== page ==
Tyler: Some students mentioned that they wish there were more dedicated prayer spaces for Muslim students on campus. Additionally, some of the students I talked to said that they wish that there was more understanding from faculty and TAs regarding how Ramadan impacts their lives and schedules during the month.


One student even said that after asking to take her exam at a different time, she still had to miss Iftar, which is when they break their fast, and do the makeup prayer. 


Amrutha: One student you interviewed specifically spoke about the importance of being able to take part in the festivities of Eid al-Fitr. What’s the significance that surrounds this day?


Tyler: From my understanding after talking with students, I learned that this is a celebration that basically concludes the month of Ramadan. It’s a time where people really get together and they celebrate and they eat a bunch of food and they really like celebrate and appreciate the fact that they just completed the month, which was really about prayer and self-discipline.


And now it’s like, okay, like we did this and we’re so proud. And we’re celebrating the fact that we just completed this month.  


Amrutha: With the large Muslim population at UT, there are many students who are currently celebrating Ramadan. Are there any major student events where students are celebrating together on campus?


Tyler: There are several student-led organizations that have really led the charge of organizing Ramadan celebrations and events. One of the largest is the Texas MSA, or Muslim Students’ Association, which recently organized a cultural Iftar celebration along with the Nueces Mosque, which stands as a center for community in West Campus for Muslim students.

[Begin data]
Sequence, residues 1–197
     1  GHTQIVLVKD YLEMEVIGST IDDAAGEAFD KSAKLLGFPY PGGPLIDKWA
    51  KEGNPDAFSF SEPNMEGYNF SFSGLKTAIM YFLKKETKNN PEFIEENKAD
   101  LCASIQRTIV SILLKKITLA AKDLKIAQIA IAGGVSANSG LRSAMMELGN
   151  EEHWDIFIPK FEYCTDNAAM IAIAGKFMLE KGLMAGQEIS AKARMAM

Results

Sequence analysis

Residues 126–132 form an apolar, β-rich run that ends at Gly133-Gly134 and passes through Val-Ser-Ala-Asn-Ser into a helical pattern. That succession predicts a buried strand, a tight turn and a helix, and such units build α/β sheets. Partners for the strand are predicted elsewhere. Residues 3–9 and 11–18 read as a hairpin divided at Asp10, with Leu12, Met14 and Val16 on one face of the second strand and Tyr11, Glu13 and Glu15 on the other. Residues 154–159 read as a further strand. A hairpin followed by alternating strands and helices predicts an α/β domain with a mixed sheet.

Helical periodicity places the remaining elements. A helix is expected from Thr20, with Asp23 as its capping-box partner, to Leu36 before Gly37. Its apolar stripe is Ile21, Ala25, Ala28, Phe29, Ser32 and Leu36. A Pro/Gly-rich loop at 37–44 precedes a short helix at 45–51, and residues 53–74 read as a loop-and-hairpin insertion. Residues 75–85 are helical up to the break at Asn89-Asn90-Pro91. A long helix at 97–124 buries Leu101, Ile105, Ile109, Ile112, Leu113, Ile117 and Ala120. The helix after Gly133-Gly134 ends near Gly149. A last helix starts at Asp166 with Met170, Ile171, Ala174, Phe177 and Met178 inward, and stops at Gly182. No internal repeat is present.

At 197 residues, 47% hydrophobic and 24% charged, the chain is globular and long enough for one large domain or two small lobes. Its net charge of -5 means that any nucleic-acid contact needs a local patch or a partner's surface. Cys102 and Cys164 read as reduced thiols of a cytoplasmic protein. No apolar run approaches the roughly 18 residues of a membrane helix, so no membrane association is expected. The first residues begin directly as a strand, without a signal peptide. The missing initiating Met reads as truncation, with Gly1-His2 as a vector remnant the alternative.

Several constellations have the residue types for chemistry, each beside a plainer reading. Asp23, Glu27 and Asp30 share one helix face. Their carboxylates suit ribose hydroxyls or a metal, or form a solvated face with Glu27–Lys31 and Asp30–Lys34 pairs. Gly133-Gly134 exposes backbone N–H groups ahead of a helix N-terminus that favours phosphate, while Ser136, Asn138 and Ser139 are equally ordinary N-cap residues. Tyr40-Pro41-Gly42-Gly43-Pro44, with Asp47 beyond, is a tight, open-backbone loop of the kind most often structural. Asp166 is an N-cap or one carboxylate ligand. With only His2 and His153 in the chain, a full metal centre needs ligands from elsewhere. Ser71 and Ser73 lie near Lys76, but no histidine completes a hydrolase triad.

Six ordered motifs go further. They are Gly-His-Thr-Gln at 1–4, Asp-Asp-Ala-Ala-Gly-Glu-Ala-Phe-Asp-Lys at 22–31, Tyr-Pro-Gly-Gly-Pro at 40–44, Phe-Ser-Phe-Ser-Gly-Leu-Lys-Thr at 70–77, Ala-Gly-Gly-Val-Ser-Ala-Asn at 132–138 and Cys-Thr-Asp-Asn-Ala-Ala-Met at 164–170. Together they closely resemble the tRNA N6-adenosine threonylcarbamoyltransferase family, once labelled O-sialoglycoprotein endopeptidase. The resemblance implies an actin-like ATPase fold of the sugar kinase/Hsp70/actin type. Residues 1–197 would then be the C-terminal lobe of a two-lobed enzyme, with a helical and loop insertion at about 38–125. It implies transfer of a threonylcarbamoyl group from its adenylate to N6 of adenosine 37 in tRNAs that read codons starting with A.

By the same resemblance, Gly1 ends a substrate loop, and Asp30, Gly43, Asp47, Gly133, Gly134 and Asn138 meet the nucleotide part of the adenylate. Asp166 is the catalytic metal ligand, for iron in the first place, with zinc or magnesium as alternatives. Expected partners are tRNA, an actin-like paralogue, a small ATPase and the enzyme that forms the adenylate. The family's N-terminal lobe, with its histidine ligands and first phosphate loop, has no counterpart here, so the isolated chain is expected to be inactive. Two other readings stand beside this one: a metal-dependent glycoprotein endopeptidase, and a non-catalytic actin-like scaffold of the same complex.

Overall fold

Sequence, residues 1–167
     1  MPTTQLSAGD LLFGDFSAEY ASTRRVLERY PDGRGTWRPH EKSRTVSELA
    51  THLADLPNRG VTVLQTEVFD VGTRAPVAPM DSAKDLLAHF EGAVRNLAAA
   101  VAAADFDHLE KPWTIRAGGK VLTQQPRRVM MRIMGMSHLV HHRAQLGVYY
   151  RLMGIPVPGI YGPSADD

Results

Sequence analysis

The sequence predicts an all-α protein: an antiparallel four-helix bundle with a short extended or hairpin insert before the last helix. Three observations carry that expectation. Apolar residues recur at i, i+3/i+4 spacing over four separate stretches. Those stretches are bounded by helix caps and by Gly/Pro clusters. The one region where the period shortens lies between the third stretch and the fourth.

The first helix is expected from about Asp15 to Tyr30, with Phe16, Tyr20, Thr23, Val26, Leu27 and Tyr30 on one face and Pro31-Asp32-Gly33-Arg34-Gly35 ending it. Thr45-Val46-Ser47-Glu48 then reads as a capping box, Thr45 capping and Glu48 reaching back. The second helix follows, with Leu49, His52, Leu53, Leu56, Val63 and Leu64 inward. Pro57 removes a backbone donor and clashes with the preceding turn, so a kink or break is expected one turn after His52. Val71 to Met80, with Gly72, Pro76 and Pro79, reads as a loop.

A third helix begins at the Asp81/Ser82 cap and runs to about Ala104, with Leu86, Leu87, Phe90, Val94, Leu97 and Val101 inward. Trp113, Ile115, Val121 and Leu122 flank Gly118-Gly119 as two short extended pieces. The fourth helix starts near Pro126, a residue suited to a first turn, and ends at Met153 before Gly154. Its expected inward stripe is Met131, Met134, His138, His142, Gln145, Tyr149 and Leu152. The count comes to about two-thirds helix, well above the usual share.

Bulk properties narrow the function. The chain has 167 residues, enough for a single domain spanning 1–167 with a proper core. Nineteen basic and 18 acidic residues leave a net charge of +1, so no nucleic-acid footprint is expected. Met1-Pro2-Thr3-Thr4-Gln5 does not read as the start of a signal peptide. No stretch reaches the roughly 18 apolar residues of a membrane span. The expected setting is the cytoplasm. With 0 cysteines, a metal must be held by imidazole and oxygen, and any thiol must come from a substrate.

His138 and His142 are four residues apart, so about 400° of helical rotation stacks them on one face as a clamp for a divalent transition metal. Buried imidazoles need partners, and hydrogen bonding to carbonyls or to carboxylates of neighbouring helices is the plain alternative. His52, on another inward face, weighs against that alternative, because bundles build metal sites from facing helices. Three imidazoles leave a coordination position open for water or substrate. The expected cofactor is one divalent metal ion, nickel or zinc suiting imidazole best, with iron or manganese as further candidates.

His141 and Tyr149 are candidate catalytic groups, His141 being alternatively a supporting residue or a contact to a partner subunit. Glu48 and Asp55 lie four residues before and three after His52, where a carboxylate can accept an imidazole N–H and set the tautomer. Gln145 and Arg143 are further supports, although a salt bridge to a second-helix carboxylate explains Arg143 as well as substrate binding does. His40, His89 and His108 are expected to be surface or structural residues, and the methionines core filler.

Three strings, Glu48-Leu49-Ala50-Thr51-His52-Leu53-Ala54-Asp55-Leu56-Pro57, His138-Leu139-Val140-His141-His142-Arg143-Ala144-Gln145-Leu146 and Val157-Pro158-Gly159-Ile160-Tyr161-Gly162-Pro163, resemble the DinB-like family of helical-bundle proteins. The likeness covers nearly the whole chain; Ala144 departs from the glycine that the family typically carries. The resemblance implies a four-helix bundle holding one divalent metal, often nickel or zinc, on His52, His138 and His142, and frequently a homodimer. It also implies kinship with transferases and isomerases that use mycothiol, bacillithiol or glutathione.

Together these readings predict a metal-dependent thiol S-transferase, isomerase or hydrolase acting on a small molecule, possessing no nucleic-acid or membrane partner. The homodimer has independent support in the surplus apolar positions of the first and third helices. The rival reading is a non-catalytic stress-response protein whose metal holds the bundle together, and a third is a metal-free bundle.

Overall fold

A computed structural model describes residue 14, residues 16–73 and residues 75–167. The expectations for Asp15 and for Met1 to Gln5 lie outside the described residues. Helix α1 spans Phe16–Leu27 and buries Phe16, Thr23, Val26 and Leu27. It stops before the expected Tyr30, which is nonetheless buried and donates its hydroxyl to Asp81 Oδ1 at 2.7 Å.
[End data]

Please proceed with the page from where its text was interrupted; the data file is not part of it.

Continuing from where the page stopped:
And also at the mosque, they provide Suhoor and Iftar meals for students and community members basically throughout the entire month.  


Amrutha: In your interactions with students, did you learn of any of the ways the university has provided their support to students during Ramadan?


Tyler: I know that University Housing and Dining has provided meals for students participating in Ramadan to pick up, and there are a few prayer rooms on campus, but what I got from students is that the strongest support systems that they have forged are the ones with other students in student based organizations like at the mosque and other organizations that offer community and safe space for Muslim students.


Amrutha: Well, thank you so much for coming on today, Tyler. 


Tyler: Thanks again for having me.


Amurtha: And that’s The Texan Recap for the week of March 18th. I’m Amrutha Mummidi.


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Amrutha: The Texan Recap is a production of The Daily Texan Audio Department.


If you liked this episode, make sure to subscribe to The Daily Texan on your streaming platform of choice and follow us on Twitter @texanaudio. 


This episode was hosted by me, Amrutha Mummidi, and edited and supervised by Jack Lewellyn.


Special thanks to Aaron Sullivan and Tyler Pullum for their reporting and to Joelle Dipaolo, Mimi Calzada and Chloe Moore for contributing to this project. 


Cover art is by Emma Berke and music is by Top Flow Productions. To read the news stories in this episode or see more from the Texan, head on over to 


Thanks for listening, and I’ll see you next week.